Observational Model: Case-Only
Time Perspective: Prospective
Not Provided
Retention:   Samples Without DNA
Description:

Immunocap testing (bloodwork) will be performed prior to and upon completion of the desensitization protocol. This testing is considered standard of care in the management of food allergies.

Non-Probability Sample

outpatient Allergy patients followed at The Children's Hospital of Philadelphia

Egg Hypersensitivity
Not Provided
Not Provided
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*   Includes publications given by the data provider as well as publications identified by ClinicalTrials.gov Identifier (NCT Number) in Medline.
 
Completed
9
October 2013
September 2013   (final data collection date for primary outcome measure)

Inclusion Criteria:

Subjects must satisfy all inclusion criteria:

  1. Subjects must be age six to 17 years and have a history of egg allergy. Subjects shall maintain strict avoidance of consumption of all egg protein containing foods.
  2. Subjects will have a history (within the past six months) of a positive skin prick test to egg extract or an immunocap IgE level greater than 0.35 kU/L, and a positive allergic reaction history to egg within the past 12 months.

    a. Subjects will be accepted to the study if they have had a positive food challenge conducted at CHOP in the three months prior to the start of the study.

  3. Subjects must be in good health, as determined by medical history and physical examination performed by a study physician.
  4. Females of childbearing potential must be using an effective method of contraception, including abstinence, and agree to continue to practice an acceptable method of contraception for the duration of their participation in the study.

    If a positive pregnancy test was obtained during the study, the subject will be asked to withdraw from the study.

  5. Informed consent of parent or legal guardian is required.

Exclusion Criteria:

Subjects will be excluded from the study if they meet any one of the following criteria:

  1. Ability to tolerate baked goods containing egg or the ability to tolerate a serving size of egg (6.3 grams of egg protein.)
  2. Pregnancy.
  3. A history of food protein induced enterocolitis syndrome to egg.
  4. A history of eosinophilic esophagitis, where egg has been identified as a causative food.
  5. A history of anaphylaxis requiring overnight hospitalization.
  6. A history of intubation related to asthma and/or a history of an intensive care unit admission for asthma management.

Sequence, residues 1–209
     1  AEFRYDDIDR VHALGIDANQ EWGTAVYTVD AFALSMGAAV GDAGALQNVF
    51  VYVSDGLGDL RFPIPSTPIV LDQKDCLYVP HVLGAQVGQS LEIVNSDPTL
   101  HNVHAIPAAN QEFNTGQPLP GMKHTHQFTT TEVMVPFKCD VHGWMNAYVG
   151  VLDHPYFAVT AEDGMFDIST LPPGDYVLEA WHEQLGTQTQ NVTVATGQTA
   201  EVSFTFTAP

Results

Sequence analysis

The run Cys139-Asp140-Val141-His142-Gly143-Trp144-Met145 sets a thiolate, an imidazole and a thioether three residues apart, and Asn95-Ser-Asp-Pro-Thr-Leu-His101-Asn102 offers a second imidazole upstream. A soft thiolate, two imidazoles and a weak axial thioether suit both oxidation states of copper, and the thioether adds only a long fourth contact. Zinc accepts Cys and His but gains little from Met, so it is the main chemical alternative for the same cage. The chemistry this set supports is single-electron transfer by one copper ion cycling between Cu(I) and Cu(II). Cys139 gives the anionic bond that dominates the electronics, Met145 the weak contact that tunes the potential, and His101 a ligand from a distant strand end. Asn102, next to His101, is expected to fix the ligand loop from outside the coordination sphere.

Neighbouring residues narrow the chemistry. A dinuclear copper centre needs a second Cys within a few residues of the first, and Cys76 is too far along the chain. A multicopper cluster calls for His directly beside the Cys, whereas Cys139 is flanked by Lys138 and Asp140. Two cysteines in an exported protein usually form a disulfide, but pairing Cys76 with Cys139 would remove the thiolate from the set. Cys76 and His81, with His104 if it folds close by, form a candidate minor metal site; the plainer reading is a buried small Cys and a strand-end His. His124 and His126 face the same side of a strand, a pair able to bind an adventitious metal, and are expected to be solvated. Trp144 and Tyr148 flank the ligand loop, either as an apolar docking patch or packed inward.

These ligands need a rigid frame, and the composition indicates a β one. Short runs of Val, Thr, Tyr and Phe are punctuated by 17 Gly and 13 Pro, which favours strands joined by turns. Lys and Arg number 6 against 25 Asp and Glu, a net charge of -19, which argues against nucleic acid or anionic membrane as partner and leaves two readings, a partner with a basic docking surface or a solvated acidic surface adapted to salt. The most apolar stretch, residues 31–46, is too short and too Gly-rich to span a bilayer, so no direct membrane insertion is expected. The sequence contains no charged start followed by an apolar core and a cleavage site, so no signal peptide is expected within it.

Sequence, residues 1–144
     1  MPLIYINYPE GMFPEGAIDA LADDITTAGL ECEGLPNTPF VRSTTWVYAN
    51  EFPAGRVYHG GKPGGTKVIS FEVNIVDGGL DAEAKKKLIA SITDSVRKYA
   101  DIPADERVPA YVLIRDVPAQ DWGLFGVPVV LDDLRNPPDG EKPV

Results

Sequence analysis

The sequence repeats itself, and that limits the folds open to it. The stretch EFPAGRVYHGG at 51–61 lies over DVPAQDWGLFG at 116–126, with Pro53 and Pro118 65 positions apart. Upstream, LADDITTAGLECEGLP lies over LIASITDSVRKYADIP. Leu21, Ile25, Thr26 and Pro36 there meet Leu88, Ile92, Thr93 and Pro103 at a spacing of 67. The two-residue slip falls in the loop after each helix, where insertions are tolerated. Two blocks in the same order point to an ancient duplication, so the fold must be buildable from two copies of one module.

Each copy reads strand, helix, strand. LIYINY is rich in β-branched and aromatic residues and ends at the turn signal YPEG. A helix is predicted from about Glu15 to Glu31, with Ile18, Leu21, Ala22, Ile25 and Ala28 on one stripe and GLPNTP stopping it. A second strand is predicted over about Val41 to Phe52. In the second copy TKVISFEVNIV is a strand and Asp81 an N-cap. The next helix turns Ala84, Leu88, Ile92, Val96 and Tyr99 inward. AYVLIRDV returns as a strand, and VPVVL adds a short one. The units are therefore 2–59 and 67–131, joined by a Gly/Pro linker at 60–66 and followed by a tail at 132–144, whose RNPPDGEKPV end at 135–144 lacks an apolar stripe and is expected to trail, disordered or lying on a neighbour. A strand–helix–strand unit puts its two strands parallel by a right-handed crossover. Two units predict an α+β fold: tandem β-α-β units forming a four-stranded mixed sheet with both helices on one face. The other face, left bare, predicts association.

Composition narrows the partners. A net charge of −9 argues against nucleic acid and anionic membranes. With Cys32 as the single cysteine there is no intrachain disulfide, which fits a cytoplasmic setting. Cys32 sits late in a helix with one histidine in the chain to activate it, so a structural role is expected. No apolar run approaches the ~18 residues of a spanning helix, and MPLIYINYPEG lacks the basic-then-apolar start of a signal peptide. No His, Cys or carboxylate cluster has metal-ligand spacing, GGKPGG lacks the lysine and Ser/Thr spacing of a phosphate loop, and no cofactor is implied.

7. A current diagnosis of severe persistent asthma [FEV1 (forced expiratory volume in 1 second) < 60% of predicted, as defined by NHLBI (National Heart, Lung, and Blood Institute) guidelines, despite current therapy].
  8. A current diagnosis of severe atopic dermatitis.
  9. A serious chronic medical condition, including neurologic, hepatic, renal, endocrine, cardiovascular, gastrointestinal, pulmonary, or metabolic disease.
  10. Use of oral or injection steroids within one month of protocol initial visit.

    a. Should it become necessary for a subject to be on systemic corticosteroids while on the study, the subject will either be withdrawn from the study or the use of corticosteroids during the study will be taken into account during data analysis. The PI and lead investigators will make that decision based on the individual case.

  11. An acute illness within one week prior to the first dose of oral immunotherapy.
  12. Use of antihistamines within three days prior to Double blind placebo-controlled food challenge (DBPCFC).
  13. Use of chronic immunomodulatory therapy.
  14. Participation in another experimental therapy study.
  15. Participation in a study for the treatment of food allergy in the past 12 months.
  16. Inability to discontinue antihistamines for skin testing and food challenges.
  17. A positive pregnancy test.
Both
6 Years to 17 Years
No
Contact information is only displayed when the study is recruiting subjects
Not Provided
 
NCT01489553
IRB 11-008294
Yes
Children's Hospital of Philadelphia
Children's Hospital of Philadelphia
Not Provided
Principal Investigator: Jonathan M. Spergel, MD, PhD Children's Hospital of Philadelphia
Study Director: Rushani W. Saltzman, MD Children's Hospital of Philadelphia
Children's Hospital of Philadelphia
October 2012

ICMJE     Data element required by the International Committee of Medical Journal Editors and the World Health Organization ICTRP